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  • Writer's pictureJen Norris

Review: Deborah Slater Dance Theater presents In the Absence of Presence, Dance Mission, Nov 10-12

Updated: Nov 22, 2023

Deborah Slater Dance Theater’s (DSDT) In the Absence of Prescence, a multidisciplinary collaboration, pairs many creative voices and performance practices to represent our scattered and unique experiences of the initial pandemic years.   The production conceived by collaborator Deborah Slater and culture curator and racial equity consultant Tammy Johnson, and directed by Slater seeks to respond to questions of resilience and perseverance in the face of both private and shared adversity. 

Windows are projected onto the backdrop of the Dance Mission Theater. A steady patter of people speaking about their pandemic experiences can just be perceived through the hubbub of audience members chatting in their seats.  While the houselights are still up, Erin Yen, enters her curiosity and trepidation vying for supremacy as she directs her gaze up and around the room. Some of the audience pays attention, most do not, at least not at first, reminding me of how we each came to pay attention to the pandemic in our own time, many noticing too late.

The houselights remain on, additional people enter prompting a constant adjustment. Actors watch each other, make eye contact, decide who will yield while avoiding closeness at all costs and maintaining a “healthy distance.”

As the houselights dim, two groups of people distinguishable by their clothing are onstage. Group one, five DSDT dancers are dressed in show-ready costumes of gold chiffon hand-painted in greens and browns (Costume design Dana Kawano).  Eight members of the Cosmic Elders Theatre Ensemble wear bright white utility coveralls and medical masks.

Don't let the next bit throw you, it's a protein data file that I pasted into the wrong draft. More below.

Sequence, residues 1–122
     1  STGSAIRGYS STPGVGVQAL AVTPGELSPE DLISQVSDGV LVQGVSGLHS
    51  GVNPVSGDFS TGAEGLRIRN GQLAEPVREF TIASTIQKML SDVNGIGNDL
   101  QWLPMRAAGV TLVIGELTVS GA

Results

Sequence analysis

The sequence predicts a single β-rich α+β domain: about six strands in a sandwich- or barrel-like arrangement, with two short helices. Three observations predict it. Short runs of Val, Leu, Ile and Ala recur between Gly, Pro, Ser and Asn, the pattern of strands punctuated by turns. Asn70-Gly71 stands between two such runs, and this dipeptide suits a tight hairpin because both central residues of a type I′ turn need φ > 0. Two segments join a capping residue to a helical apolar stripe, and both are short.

The original jazz sax stylings of composer and musician Marcus Shelby welcome us to this new post-pandemic world.  The Elders circle each other, some moving clockwise, others counterclockwise, their masks having been removed and their hesitation lessened.  An orderly swirl of dashes moving in concentric circles (rumor has it the dashes are a death spiral of ants) is on the backdrop (Visuals Olivia Ting) echoing the onstage human patterns.

DSDT dancers create a diagonal in front of several seated Cosmic Elders; Photo: Robbie Sweeney

The Elders take seats lining the side of the stage, from which they will witness the proceedings.  Moscelyne ParkeHarrison swings a taut leg up parallel to the floor and arches dramatically over it to grasp it with both hands as if the leg is the barrel of a gun. She is joined one-by-one by DSDT’s dancers Colin Frederick, Anna Greenberg Gold, Calvin L Thomas, Jr., and Yen, who each contribute a movement to a growing gestural phrase they craft together, along a lit diagonal.  After months confined to homes, taking class in their kitchens, stretching in a hallway and perhaps dancing outdoors they tentatively reenter the world of choreographed concert dance once more.

The text from interviews related to people’s lockdown experiences becomes the soundscape for several movement segments. The most memorable, entitled Apartment, finds Yen on an empty stage, feeling claustrophobic; her strides jut angularly as she navigates awkwardly around the imagined furnishing of the too small apartment of the narrator’s tale.  We are told that relief arrives in the form of the videogame “Animal Crossing.” Releasing the tension in her body, Yen sinks cross-legged to the floor; a glow on her face and torso suggests the screen in which she is now fully absorbed.  Embodying the fantasy world of the game, animal-masked figures cavort behind her.  Too much screen time, confined spaces, a fear of other people and the world outside is all recalled in this succinct and nightmarish scene.

Tempestuously, Greenberg Gold whirls and spins. Arcing through space she arches and draws a curved arm over head.  Slinking backward, her body roils, until she is chased off by the women in white who rise from the edges, their chairs in hand.  These pure dance interludes, between spoken word elements, punctuate the intellectual with segments of heightened emotion.

Word for Word’s Patricia Silver stands center with the Cosmic Elders seated as a movement chorus behind her. Silver movingly recites a poem by Grace D’Anca. It is a reminiscence contrasting the empty pharmacy shelves of the early pandemic with those of a mom-and-pop pharmacy of old. The place one could buy a Russell Stover chocolate assortment and find a sympathetic ear.  The Elders sway slowly in their chairs, psychically contributing their own misty strands of memory to the poetry.  Images such as the candy box are distractingly projected on the back wall, drawing audible collective recognition from the audience.